Republican members cannot influence what the House does. They cannot call witnesses at hearings, never mind get bills or amendments voted on. As they and their constituents are called illegitimate, they are powerless. They cannot call the country’s attention to their case. Their presence in the Democrats’ proceedings makes them co-responsible, and gives the false impression that due process is being observed. Their presence is a pretense from which only the oligarchy benefits.

So what should they do?

The start Codevilla suggests for setting up alternative government is something of an anti-climax:

Far better for House Republicans to rent some D.C. hotel’s public rooms and there hold plenary and committee sessions that parallel and contrast the Democrats’ agenda as well as take up topics that the Democrats shun—e.g. the social media companies’ censorship, and their monopolistic practices.

Until they build another Capitol, presumably?  In another city, in a conservative state – Tallahassee perhaps?

Codevilla does not visualize the alternative government passing laws just yet. Only investigating issues.

They could run hearings on the naturally collusive relationship between, say, the White House chief of staff and his lobbyist brother, and between the head of the Justice Department’s criminal division and his former partner who runs Hunter Biden’s defense. As the media cover the House’s position on energy matters and on civil rights, they would be compelled to mention that these are strictly the Democratic Party’s doings. And when they refer to what the other near-half of House Members think on any governing matter, they would have to refer to fully developed positions.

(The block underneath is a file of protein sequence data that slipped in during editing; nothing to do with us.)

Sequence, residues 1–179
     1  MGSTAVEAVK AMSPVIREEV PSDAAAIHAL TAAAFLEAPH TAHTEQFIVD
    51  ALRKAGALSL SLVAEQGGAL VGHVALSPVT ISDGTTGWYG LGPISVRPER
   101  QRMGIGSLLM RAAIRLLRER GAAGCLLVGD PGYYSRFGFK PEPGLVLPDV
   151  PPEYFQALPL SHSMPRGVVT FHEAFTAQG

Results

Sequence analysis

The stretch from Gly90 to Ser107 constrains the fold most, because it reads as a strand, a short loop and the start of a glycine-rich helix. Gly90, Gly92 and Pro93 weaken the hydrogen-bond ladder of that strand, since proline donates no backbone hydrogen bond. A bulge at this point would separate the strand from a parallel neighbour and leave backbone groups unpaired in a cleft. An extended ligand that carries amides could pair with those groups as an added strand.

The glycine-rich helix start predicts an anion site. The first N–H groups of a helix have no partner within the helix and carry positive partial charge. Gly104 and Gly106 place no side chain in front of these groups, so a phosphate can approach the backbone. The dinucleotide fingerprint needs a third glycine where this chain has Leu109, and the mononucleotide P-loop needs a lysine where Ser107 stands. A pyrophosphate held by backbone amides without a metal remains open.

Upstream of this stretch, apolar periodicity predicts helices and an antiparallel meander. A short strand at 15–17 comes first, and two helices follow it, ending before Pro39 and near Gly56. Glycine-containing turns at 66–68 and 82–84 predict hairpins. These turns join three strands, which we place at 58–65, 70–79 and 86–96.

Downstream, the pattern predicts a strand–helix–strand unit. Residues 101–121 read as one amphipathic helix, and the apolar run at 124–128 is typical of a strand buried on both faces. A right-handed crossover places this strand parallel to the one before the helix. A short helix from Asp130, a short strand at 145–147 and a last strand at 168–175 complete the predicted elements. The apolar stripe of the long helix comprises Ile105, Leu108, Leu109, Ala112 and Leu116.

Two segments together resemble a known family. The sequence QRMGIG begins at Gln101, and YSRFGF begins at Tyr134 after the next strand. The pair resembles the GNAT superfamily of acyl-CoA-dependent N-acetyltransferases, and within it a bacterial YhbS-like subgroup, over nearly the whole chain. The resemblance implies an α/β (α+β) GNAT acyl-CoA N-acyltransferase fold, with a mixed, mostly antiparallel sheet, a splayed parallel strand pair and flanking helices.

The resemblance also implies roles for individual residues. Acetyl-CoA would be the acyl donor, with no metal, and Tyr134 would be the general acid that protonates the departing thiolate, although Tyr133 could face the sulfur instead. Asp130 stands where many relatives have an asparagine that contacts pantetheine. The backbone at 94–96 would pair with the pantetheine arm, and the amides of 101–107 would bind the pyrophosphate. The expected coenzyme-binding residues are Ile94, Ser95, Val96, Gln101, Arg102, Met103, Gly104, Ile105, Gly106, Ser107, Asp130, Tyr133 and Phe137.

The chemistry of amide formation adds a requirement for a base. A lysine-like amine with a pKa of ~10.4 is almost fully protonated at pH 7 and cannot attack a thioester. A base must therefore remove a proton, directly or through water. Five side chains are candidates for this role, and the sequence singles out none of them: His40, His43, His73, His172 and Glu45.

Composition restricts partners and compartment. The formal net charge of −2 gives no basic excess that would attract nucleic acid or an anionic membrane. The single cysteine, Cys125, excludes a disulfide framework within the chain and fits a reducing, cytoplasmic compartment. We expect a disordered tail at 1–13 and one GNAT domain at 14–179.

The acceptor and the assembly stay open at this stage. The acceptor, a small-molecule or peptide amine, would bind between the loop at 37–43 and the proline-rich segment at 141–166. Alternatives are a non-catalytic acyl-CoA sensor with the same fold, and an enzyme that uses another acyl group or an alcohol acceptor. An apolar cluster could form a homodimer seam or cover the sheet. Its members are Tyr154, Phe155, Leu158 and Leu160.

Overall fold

In short, they would have to acknowledge the existence of legitimate alternatives.

Would they have to? How long before the alternative Congress is closed down, the hotel owners brought to trial on some outlandish charge, and the Republican representatives themselves  tried for sedition?

American government in general and Congress in particular were never meant to be purely partisan. James Madison wrote that congressional deliberations should draw “the deliberate sense of the people” out of a multiplicity of cooperating and contrasting factions. Since Woodrow Wilson, however, Progressives have touted what they call “responsible government”—meaning rule by a single party, wholly empowered to implement its agenda and for which it may be held wholly responsible.

Today’s Progressive Democratic Party has taken complete power over the whole federal government. The least that Republicans can do for conservative America is to hold them fully responsible for what they do.

“Complete power” in the hands of would-be totalitarians means that there is no freedom even merely to discuss the corruption of a “collusive relationship” or the Biden family.

But the idea that some states could choose to obey another law-making body, another executive, and acknowledge another supreme court is not unlike the proposal that conservative states disobey the existing legislative, executive, judicial branches of government by adopting a policy of “nullification” (explained in our post immediately below, A way to escape the tyranny, February 3, 2020). Both proposals would in effect be a form of secession.

Are there other cunning plans to save the free Republic?

Posted under government, Totalitarianism, tyranny, United States by Jillian Becker on Friday, February 5, 2021